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Taking aim at macular degeneration.

Ongoing trials of promising new treatments could revolutionize the field and offer hope to people with macular degeneration--an unpredictable disease that remains the leading cause of blindness in the United States.

To learn more about the emerging therapies under investigation, MU spoke with ophthalmologist Dr. Thomas A. Ciulla, a highly regarded expert and author on macular degeneration.

"We're on the cusp of many exciting breakthroughs with a host of new drugs on the horizon," says Dr. Ciulla, who is also an assistant professor at Indiana University School of Medicine. "Previously, we used treatments that were 'destructive' to treat MD. For example, we would laser a patient's retina to stop wet macular degeneration from progressing to the center of the retina. Laser is a fancy way of cauterizing or destroying tissue. Often, laser causes a blinding scar and in at least half the patients, it didn't work; blood vessels would continue to grow, sometimes more vigorously. Recently we've learned that certain growth factors, such as vascular endothelial growth factor (VEGF), are responsible for the new blood vessels under the patient's retina. We're now developing several drugs that target VEGF to prevent blood vessels from growing or expanding. Within the next few years, several drugs will hopefully be approved and available for general use.

Three new drugs are currently in final phase III testing. In general, patients with recent onset of wet macular degeneration may be eligible for one of these studies.

"One drug made by Genentec is called Lucentis (ranibizumab), an antibody fragment injected in the eye that is designed to bind to and inhibit VEGF," explains Dr. Ciulla.

"Another medication in phase III trials is Macugen from Eyetech and Pfizer. Macugen is an anti-VEGF aptamer that binds to and thus inhibits the activity of VEGF when injected in the eye.

"Finally, Retaane (anecortave acetate) made by Alcon, also in phase III trials, is a steroidal compound that is injected around the eye."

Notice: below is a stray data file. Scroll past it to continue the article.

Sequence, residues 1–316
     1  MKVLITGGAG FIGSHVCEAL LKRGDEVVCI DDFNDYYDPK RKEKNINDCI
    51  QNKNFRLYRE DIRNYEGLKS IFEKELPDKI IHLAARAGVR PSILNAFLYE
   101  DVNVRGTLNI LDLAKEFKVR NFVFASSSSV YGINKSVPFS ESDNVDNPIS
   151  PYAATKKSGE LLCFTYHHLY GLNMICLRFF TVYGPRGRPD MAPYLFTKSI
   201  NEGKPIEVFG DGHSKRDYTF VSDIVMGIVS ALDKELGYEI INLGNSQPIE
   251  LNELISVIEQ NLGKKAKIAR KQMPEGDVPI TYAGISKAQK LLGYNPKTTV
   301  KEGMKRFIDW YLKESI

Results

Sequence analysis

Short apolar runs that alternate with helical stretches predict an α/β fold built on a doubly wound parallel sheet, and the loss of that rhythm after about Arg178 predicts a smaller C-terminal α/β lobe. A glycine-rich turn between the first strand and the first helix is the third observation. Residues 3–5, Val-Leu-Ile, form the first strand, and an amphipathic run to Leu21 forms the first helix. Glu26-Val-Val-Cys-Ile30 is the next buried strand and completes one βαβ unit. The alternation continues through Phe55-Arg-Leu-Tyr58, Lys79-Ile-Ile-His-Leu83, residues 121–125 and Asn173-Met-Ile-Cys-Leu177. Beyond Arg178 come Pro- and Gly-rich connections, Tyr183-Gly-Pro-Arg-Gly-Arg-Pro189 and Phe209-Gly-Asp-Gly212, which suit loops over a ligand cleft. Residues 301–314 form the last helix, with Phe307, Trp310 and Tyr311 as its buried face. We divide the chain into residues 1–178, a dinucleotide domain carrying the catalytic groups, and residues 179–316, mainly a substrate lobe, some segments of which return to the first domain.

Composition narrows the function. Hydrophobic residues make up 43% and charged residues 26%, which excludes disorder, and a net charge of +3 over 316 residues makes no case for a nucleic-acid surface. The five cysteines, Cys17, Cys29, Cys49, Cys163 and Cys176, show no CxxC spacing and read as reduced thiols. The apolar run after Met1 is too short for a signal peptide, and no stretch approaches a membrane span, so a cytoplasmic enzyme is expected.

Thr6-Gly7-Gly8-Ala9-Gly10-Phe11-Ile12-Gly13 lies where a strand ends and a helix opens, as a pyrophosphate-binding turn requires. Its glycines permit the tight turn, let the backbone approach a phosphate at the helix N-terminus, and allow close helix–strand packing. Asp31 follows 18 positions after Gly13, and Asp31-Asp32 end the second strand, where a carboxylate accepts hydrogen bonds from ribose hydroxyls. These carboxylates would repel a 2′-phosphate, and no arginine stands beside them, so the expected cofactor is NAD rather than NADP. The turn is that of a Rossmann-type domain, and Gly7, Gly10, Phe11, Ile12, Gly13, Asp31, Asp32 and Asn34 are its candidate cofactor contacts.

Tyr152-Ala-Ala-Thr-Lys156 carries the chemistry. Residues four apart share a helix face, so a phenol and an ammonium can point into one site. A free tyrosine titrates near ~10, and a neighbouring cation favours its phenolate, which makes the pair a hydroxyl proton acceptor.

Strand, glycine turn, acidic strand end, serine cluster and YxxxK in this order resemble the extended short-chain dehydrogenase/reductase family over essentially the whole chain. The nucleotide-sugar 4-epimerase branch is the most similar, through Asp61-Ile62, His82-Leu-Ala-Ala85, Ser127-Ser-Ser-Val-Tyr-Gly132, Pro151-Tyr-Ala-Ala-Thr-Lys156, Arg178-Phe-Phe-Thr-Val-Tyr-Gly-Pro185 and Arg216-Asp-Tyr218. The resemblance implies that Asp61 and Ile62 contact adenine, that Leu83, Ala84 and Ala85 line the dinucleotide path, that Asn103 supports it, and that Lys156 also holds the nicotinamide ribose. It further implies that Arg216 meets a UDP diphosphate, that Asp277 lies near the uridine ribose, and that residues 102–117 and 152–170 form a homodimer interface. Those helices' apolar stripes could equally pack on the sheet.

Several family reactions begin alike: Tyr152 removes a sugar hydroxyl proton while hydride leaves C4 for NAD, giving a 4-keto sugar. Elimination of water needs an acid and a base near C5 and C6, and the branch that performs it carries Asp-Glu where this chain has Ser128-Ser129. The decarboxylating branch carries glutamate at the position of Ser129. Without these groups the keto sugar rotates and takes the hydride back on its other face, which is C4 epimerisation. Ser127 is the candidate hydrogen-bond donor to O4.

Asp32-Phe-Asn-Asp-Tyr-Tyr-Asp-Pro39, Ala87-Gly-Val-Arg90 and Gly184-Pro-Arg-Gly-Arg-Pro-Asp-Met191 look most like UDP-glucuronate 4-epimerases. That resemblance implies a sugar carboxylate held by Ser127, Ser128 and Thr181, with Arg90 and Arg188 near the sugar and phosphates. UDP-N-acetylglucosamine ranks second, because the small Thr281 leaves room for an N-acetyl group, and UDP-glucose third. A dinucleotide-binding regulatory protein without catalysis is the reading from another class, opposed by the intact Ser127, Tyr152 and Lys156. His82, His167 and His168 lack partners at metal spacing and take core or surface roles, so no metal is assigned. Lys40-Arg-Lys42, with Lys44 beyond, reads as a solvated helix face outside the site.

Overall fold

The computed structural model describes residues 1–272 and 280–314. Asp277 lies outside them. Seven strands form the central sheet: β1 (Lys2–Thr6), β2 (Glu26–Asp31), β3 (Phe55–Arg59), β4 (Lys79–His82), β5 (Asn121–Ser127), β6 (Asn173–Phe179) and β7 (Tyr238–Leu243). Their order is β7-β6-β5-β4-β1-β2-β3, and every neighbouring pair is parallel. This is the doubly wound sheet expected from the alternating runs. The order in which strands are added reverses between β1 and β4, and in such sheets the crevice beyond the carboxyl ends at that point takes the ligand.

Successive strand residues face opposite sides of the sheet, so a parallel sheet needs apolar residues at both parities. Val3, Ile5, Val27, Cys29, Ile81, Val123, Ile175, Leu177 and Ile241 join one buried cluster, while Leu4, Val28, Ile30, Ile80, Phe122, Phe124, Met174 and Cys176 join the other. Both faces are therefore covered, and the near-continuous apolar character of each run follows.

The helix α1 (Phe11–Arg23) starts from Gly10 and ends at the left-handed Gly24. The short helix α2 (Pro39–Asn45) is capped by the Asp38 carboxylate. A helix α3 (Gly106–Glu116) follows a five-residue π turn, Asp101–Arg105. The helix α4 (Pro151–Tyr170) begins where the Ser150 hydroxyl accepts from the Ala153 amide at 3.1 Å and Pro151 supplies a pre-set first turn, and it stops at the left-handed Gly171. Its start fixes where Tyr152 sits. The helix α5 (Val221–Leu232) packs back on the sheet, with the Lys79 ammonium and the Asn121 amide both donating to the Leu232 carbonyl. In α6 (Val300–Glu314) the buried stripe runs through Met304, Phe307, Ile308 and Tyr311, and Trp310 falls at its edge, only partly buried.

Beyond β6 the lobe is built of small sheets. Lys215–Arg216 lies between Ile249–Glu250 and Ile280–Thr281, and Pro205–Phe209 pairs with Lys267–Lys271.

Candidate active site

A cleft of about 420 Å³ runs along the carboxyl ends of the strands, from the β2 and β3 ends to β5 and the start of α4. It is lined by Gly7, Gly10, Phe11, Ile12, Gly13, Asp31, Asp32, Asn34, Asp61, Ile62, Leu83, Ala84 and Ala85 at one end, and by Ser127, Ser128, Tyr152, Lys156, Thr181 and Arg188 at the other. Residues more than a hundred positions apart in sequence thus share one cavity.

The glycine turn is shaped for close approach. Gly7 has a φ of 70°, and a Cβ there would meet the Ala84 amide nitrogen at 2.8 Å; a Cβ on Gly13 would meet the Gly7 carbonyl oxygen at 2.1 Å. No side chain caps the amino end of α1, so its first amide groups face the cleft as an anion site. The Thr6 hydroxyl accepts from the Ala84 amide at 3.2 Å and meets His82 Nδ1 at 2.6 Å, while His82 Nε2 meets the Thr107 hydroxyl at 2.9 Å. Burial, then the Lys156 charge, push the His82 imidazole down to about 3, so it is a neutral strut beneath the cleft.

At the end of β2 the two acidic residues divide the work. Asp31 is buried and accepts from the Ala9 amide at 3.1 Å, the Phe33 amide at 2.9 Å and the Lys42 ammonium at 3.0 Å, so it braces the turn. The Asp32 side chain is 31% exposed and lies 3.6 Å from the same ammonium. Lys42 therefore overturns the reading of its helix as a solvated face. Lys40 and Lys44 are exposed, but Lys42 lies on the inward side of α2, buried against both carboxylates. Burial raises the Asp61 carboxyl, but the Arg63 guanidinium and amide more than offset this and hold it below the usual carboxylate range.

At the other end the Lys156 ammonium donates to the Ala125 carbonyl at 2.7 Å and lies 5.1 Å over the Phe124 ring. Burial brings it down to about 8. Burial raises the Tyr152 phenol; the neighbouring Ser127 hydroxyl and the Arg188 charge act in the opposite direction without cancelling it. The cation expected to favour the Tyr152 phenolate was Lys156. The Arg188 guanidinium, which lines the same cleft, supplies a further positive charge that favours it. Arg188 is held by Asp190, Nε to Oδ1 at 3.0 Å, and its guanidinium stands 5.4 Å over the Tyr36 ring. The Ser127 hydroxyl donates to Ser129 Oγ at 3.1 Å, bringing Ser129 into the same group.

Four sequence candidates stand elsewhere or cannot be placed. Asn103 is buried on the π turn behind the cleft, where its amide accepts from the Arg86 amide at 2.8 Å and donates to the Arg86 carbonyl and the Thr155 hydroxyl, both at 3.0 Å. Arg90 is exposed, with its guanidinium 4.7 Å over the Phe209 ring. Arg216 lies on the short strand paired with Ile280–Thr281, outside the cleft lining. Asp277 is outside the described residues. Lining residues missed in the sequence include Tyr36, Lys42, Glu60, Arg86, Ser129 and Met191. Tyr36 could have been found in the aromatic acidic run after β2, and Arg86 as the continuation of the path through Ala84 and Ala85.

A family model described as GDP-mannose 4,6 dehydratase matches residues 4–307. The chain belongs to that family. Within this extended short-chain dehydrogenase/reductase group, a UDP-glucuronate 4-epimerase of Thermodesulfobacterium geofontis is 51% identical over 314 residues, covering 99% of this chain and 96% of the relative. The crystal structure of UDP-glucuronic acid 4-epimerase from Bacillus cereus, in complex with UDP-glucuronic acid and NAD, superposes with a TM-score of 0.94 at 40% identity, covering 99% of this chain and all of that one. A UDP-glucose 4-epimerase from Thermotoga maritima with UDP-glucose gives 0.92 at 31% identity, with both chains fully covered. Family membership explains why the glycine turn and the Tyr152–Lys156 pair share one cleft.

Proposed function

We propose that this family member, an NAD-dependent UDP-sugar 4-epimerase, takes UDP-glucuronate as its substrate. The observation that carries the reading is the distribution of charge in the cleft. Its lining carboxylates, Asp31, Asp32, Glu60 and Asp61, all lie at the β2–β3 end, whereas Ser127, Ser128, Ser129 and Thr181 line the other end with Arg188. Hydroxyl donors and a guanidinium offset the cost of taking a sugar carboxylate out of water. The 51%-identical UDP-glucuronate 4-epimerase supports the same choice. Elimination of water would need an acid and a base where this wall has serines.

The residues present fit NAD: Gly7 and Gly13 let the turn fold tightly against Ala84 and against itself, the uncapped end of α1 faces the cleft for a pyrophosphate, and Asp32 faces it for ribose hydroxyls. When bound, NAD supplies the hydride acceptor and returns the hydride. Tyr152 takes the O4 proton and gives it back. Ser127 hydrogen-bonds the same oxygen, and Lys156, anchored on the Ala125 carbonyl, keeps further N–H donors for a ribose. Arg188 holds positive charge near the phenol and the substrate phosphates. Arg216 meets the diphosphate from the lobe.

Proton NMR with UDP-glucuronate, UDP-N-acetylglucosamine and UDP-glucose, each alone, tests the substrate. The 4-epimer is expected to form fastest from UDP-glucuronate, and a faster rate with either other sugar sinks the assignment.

The drugs might also someday be used to treat other eye disorders, such as diabetic retinopathy and venous occlusions.

"VEGF is potentially the key growth factor in macular degeneration, because it mediates the growth of abnormal blood vessels," notes Dr. Ciulla. "Many other eye diseases involve abnormal blood vessel growth in and under the retina. Diabetic retinopathy, for example, involves the growth of blood vessels not under the retina, as is the case in MD, but on the surface of the retina and into the vitreous cavity. When blood vessels are pulled, they can tear. As they fracture, blood is released into the vitreous cavity, and many diabetics will have hemorrhage into the eye. These drugs may be beneficial for diabetic retinopathy.

"Another common cause of blindness is venous occlusion, which involves a very similar process to diabetic retinopathy, where blood vessels can grow on the surface of the retina and into the vitreous cavity and cause bleeding. In addition, because the vein is blocked, the blood flow in the eye is backed up and the retina will swell, a condition called macular edema that causes symptoms very similar to MD. We are starting a trial using Macugen to investigate its potential for macular edema induced by vein occlusions."

"When I started eight years ago, retinal and vitreous diseases were largely surgical disorders," concludes Dr. Ciulla. "Many of these diseases had poor prognoses, and many patients lost vision regardless of what we did.

"Now we're on the horizon of a very exciting time with many novel drugs to potentially treat MD, diabetic retinopathy, and venous occlusions."

People interested in learning more about ongoing trials may visit for Retaane; for Lucentis; and for Macugen.

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Summer (yellow) squash

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Green olive

Green peppers

Green bean


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Publication:Medical Update
Geographic Code:1USA
Date:Sep 1, 2004
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